Cushing Syndrome (cont.)
- Pituitary tumor
- The treatment of choice in persons with pituitary tumor is trans-sphenoidal
surgery by an experienced neurosurgeon. The goal of surgery is to remove the
tumor, preserving as much pituitary function as possible.
- Pituitary irradiation is used when trans-sphenoidal surgery is not
successful or not possible. The procedure is less successful than surgery in
adults, with a 45% cure rate in adults and 85% cure rate in children. Late-onset
side effects include hypopituitarism.
- Surgical removal of both adrenal glands is an option if trans-sphenoidal
surgery, pituitary irradiation, and medical therapy fail or if rapid
normalization of corticosteroid levels is required. Nowadays, the removal of the
adrenal glands is done laparoscopically. This has decreased both the morbidity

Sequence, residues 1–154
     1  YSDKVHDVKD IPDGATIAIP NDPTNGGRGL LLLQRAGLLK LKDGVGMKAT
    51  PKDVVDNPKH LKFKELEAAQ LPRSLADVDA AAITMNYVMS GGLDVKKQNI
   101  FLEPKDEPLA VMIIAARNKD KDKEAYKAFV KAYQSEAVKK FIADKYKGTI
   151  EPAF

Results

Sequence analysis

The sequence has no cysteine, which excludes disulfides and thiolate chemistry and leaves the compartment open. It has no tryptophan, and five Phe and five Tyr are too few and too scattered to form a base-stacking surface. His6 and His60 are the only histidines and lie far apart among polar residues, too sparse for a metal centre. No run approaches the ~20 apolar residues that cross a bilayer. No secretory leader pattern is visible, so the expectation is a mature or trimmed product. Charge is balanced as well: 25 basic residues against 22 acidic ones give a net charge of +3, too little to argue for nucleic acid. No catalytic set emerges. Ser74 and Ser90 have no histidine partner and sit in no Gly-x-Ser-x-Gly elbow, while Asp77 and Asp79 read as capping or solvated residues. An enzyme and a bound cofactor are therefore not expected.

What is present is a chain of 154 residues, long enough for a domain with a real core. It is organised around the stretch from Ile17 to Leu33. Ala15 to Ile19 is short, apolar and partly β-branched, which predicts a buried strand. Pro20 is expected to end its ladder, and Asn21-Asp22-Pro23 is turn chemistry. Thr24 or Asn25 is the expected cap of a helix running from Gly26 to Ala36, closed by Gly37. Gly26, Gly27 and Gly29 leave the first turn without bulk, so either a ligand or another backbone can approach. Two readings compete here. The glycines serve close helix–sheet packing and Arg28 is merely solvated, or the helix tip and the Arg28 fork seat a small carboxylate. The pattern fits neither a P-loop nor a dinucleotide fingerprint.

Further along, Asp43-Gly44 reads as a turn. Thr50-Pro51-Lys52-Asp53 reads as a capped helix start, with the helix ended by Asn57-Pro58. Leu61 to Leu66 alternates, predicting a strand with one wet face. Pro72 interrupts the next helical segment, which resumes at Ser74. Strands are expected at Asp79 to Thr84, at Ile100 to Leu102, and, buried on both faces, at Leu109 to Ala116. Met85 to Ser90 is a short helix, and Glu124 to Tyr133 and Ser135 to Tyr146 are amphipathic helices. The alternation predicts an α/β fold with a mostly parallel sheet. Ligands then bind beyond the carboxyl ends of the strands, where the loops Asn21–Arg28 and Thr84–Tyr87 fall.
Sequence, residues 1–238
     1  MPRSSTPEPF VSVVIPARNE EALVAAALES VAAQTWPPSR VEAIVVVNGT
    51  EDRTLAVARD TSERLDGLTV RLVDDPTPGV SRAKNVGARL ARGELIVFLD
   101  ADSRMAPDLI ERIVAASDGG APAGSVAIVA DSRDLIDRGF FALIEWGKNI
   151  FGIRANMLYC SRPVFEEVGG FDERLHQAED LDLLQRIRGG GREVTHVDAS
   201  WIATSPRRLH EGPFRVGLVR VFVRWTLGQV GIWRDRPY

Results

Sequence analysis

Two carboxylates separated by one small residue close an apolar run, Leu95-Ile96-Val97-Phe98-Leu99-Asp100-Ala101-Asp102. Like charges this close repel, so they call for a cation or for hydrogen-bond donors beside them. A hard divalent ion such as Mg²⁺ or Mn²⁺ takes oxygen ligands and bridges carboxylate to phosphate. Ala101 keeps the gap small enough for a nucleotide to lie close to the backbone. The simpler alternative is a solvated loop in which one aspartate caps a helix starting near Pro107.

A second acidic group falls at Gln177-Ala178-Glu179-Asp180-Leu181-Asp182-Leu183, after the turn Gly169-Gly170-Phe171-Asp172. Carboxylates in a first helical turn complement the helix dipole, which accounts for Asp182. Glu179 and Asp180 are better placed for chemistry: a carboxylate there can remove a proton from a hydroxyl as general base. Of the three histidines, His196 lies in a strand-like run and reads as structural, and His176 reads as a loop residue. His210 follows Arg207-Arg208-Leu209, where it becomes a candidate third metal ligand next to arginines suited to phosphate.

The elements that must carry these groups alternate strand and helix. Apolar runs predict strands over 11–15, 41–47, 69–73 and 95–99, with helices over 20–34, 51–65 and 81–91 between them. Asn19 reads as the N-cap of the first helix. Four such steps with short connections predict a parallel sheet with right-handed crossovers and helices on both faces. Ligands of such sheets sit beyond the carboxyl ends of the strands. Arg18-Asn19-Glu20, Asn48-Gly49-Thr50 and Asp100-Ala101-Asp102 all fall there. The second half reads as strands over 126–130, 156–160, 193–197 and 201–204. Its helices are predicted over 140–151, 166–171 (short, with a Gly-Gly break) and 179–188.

and mortality of this procedure, and the postoperative recovery of the patients
is much faster than after open surgery.
- ACTH production by tumors present elsewhere in the body
- Surgical removal of the tumor producing ACTH may not always be possible
because they are often difficult to locate.
- Medical therapy or surgical removal of both the adrenal glands may be
- Adrenal tumor
- The adrenal gland in which the tumor is located may be surgically removed.
- Carcinomas should be resected for cure if found early or for palliation
(alleviation of symptoms without curing the underlying disease).
George P Chrousos, MD, FAAP, MACP, MACE
Arthur B Chausmer, MD, PhD, FACP, FACE, FACN, CNS
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